- June 20, 2016 ● Experiences
There’s not much else I can think of that will more effectively cure a mid-festival sore lower back and tired set of legs from trekking across the wide grounds than a quick (or maybe not-so-quick) soak in a hot-spring bath. Luckily for Fujirockers, nearby “Yukisasa-no-Yu“, a Japanese natural hot spring located right in Naeba-town extends its hours of operation to remain open around the clock during the entirety of the festival. This means you’ll be able to enjoy a relaxing hot bath even after catching a 3am set at the Red Marquee or partying until sunrise at the Palace of Wonder.
- June 5, 2016 ● Experiences
The lineups for 10 of the 11 small stages were just announced last Friday June 3, and even if you are not familiar with all the acts, rest assured, these stages will be tons of fun! For it is these stages that the Fuji Rock carnies call home, coming out of their subterranean musical grottoes to bedazzle fest-goers with their sly musical magic. Only the Rookie A Go Go lineup is still to come. (Check new additions to the lineup here.) So this is a perfect time to continue with our Comprehensive Guide to the Small Stages of FRF.
But first, a rock’n’roll caveat. In the documentary Gimme Shelter, as the Rolling Stones were preparing for Altamont, Mike Jagger was quoted as saying, “The concert is just an excuse, really…” And then, mid-sentence, he trailed off into dreamy rapture, as if he had just discovered the thing the concert was an excuse for somewhere in the middle of his stoned-out mind. There are at least 11 small stages at Fuji Rock and even more festival areas. To paraphrase Lord Mick, the big stages are just the excuse, really… for the small stages, because that’s really where the festival springs to life.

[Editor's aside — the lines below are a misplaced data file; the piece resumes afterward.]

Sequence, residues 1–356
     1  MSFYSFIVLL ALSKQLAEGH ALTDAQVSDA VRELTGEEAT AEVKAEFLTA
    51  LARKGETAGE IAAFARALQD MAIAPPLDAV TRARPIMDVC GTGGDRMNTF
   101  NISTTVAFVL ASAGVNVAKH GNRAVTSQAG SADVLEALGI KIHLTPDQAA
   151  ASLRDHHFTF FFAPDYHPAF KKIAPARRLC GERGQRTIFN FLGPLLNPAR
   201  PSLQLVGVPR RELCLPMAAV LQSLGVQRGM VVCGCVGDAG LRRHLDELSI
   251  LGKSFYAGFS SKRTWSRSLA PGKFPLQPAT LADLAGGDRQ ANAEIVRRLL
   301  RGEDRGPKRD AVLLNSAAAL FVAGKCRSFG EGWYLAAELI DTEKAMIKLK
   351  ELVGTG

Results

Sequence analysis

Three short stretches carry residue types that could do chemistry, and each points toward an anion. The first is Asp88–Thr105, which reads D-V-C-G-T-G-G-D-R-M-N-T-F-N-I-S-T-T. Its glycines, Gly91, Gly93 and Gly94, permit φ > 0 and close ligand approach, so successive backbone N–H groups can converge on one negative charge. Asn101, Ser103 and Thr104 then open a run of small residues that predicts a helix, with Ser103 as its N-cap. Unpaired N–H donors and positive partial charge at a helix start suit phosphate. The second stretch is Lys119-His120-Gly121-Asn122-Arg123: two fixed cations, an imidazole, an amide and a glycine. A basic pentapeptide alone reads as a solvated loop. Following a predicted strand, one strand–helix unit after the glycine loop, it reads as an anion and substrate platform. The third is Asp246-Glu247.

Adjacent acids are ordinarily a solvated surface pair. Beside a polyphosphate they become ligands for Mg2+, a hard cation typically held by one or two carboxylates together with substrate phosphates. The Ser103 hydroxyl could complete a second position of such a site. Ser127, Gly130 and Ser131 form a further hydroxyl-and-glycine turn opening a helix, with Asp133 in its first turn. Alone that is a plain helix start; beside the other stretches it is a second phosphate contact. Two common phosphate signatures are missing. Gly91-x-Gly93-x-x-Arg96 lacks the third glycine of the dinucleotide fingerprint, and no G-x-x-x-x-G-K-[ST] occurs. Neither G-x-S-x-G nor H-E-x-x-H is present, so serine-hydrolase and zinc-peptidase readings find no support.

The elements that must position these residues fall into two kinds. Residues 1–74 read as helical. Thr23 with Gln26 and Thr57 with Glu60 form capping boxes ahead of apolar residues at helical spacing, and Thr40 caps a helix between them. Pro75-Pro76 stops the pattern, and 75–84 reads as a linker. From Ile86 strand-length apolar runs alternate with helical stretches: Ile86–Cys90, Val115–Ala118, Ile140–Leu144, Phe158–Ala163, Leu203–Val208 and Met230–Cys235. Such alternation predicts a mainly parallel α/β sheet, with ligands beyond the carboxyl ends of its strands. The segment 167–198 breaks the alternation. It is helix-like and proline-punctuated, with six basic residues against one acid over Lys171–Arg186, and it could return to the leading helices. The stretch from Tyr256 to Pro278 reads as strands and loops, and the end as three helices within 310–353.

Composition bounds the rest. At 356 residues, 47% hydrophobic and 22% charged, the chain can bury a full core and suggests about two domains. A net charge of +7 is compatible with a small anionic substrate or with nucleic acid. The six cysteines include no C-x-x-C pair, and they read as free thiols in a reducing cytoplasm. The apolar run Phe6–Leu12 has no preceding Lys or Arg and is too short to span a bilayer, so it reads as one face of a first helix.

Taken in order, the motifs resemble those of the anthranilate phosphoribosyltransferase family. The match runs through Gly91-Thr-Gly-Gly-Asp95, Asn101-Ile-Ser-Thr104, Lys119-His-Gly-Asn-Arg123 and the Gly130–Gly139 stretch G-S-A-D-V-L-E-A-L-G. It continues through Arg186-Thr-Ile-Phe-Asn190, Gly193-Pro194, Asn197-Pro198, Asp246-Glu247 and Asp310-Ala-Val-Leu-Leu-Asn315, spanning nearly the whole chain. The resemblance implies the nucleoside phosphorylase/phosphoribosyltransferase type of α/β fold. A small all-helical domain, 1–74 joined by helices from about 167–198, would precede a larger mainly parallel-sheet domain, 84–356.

In our last guide to the small stages, we looked at the chill-out zones. This time, let’s focus on the party spots, namely the Palace of Wonder complex and Cafe de Paris. And as the Palace actually comprises several separate stages/areas, we will also break that down.
- June 2, 2016 ● Experiences
One major trend at Fuji Rock in recent years has been the development of small stages. There are now at least nine small stages, and even more activity areas, even though the fest is best know for the famous bands that play on its four major stages. The small stages are the mini-scenes within festival’s big ecosystem, representing everything from underground rock clubs (Rookie-a-Go-Go) to folk singer cafes (Pyramid Garden) to raves in remote natural landscapes (Day Dreaming) or a boozy Caribbean burlesque joint (Cafe de Paris).
It’s no accident that while the big stages have anonymous, color-coded names (Red Marquee, Green Stage, White Stage and Field of Heaven), the small stages have unique names that indicate personality. Here’s a quick guide, starting with Gypsy Avalon, Pyramid Garden and Day Dreaming. READ MORE
Let me preface this article by saying I highly recommend getting the 3 day pass to Fuji Rock in order to get the full experience. As someone who has gone up for a single day and night in the past, I feel that in order to grasp the essence of Fuji Rock, what makes it different from your average festival, is to take in the festival experience as a whole and not just bits and pieces. Secondly, I made this article a list as people generally like lists and it should be easy to read. Keep in mind, it’s not a ranked top 10 list, but just my list of 10 tips. If after reading it, you feel I’m missing something crucial for newcomers to Fuji Rock let myself and the readers know. With that said, let’s get to it.